A newly-developed, fast, and cost-effective dipstick test sensitively and specifically identified Zika virus and all four dengue virus subtypes without any detectable cross-reactivity.
The US-Spanish-Colombian-Indian team of developers of the diagnostic said that the test could not only help with clinical diagnoses for Zika, dengue and other closely-related flaviviruses, but also be applied for emerging pathogens.
While both Zika and dengue viruses are transmitted by the same mosquitoes and have similar clinical symptoms, Zika virus alone is linked to severe birth defects. Unlike commercially available diagnostics, the new test developed by Irene Bosch and colleagues distinguished between Zika and dengue viruses without cross-reactivity, and also detected viral proteins at far lower concentrations – between 4 and 21 ng/ml, compared to 75 ng/ml (Science Translational Medicine).
Materials costs for the assay amounted to roughly US$5 per strip, and the scientists speculate that the price will decrease as production is scaled up. The tests detected the virus by “sandwiching” a viral protein named NS1 between membrane dipsticks coated with one anti-NS1 antibody and gold nanoparticles connected to a different anti-NS1 antibody – causing visible purple spots to appear only if the NS1 protein was present in samples. To identify antibody pairs, Bosch et al. evaluated 300 combinations for Zika virus and 726 combinations for dengue viruses. They further validated that the method was specific to purified viral proteins and serum from patients with confirmed diagnoses. Importantly, the authors note that their design approach was guided by the World Health Organization’s acronym ASSURED, which describes ideal diagnostics: affordable, sensitive, specific, user-friendly, rapid, equipment-free, and delivered to those who need them.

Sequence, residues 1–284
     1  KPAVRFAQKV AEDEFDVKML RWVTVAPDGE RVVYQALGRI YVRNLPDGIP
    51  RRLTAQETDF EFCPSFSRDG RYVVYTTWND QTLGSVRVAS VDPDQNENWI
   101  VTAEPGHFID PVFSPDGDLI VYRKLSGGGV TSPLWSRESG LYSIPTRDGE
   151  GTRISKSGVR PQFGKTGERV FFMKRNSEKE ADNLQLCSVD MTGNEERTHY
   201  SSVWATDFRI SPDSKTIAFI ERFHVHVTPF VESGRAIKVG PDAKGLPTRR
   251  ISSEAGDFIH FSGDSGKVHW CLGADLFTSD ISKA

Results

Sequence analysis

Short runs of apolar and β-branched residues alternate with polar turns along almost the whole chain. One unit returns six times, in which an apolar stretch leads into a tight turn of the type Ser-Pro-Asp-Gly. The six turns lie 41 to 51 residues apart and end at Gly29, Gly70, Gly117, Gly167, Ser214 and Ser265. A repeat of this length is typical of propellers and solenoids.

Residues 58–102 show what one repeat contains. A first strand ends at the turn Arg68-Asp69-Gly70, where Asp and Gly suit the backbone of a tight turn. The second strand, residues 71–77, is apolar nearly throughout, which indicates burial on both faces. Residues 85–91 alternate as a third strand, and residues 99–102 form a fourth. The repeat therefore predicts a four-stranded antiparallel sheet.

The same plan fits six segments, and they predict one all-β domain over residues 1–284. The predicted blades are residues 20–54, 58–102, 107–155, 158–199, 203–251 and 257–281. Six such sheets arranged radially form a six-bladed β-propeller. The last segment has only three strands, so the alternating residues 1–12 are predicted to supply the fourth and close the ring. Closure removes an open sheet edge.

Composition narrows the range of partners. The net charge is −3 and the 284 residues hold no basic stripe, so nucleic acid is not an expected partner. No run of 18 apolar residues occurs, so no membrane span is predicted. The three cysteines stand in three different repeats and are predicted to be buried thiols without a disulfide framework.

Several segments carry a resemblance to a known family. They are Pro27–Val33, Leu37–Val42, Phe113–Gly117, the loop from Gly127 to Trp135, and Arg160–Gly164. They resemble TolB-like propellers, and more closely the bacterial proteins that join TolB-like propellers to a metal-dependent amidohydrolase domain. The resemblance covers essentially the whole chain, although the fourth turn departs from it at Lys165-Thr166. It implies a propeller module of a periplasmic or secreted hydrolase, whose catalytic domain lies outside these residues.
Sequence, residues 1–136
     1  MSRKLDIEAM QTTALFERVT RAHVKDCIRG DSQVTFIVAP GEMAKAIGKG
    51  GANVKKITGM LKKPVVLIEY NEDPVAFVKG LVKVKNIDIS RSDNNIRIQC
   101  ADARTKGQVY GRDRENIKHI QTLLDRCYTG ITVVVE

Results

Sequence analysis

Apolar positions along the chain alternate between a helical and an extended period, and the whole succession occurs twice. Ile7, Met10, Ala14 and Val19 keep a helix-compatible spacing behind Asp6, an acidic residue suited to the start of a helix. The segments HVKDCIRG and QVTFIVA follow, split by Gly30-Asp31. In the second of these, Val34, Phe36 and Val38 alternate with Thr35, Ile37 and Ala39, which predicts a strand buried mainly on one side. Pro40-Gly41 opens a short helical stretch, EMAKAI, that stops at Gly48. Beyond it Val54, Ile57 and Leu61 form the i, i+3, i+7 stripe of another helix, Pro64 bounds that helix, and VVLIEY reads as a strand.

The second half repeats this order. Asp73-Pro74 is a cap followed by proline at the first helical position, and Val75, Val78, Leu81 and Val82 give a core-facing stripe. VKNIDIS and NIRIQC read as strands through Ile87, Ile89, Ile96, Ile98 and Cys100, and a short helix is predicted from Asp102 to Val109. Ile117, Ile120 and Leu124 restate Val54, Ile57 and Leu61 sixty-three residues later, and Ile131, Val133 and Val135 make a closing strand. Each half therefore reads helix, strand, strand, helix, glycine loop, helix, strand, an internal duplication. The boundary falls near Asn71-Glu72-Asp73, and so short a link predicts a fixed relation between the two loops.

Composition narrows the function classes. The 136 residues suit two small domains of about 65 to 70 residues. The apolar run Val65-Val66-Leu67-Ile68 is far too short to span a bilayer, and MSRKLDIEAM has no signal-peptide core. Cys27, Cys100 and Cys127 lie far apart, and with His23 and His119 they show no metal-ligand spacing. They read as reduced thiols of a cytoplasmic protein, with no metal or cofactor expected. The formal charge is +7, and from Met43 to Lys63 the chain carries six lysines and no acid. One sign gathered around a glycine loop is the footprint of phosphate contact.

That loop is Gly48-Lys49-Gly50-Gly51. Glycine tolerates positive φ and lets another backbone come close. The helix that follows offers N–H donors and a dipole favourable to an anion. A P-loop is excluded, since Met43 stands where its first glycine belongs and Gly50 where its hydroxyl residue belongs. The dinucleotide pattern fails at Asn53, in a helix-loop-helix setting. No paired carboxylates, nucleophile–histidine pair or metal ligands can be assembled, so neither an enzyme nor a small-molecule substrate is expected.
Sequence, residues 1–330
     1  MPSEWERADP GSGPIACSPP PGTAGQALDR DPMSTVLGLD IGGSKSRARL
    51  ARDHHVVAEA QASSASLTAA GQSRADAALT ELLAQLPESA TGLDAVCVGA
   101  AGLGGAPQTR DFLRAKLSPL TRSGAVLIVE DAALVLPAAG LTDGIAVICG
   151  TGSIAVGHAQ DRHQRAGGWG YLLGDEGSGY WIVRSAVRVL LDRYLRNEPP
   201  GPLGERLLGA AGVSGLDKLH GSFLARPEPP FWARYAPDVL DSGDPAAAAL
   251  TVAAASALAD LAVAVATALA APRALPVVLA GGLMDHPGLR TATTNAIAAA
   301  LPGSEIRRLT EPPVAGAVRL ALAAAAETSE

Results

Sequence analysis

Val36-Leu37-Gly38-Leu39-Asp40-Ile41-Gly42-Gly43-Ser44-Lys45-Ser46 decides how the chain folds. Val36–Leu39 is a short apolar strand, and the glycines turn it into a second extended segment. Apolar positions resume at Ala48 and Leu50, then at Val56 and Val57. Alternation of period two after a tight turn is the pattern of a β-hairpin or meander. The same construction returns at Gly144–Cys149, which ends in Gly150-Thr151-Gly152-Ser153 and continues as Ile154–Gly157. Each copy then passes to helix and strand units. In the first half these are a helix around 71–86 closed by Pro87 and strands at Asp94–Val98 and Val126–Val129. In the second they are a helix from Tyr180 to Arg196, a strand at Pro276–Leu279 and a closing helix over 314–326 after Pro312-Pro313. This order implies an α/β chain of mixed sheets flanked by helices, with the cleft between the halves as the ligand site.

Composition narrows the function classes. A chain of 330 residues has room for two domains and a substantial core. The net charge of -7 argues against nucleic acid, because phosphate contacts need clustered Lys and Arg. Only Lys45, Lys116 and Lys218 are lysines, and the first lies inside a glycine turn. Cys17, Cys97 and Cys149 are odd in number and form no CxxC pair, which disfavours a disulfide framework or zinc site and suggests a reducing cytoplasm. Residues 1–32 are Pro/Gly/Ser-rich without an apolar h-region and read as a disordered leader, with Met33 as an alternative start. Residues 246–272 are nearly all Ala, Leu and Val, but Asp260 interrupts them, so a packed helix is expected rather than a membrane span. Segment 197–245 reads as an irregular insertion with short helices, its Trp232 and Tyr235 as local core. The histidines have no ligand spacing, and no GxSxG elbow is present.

In Science, researchers from University Bejing (China) reported that one single genetic change, likely acquired in 2013, gave the Zika virus the ability to cause severe fetal microcephaly. By comparing contemporary Zika virus strains from the 2015 and 2016 South American epidemics with an ancestral Cambodian virus that was circulating in 2010, Ling Yuan and colleagues homed in on one critical mutation that conferred the ability to cause microcephaly in mouse models of fetal infection. That one change, S139N, which replaced a serine amino acid with an arginine at position 139 of the pathogen’s structural coat protein prM also made the virus more lethal to human neuron precursor cells in culture compared with the ancestral form. Zika virus accumulated numerous changes throughout its genome between 2010 and 2016, which is why the researchers constructed and tested seven different mutant viruses – of all the variants, S139N caused substantially more severe microcephaly and embryonic lethality in mouse models. Evolutionary analyses revealed that the S139N change likely arose sometime around 2013, which coincides with initial reports of microcephaly and Guillain-Barre syndrome.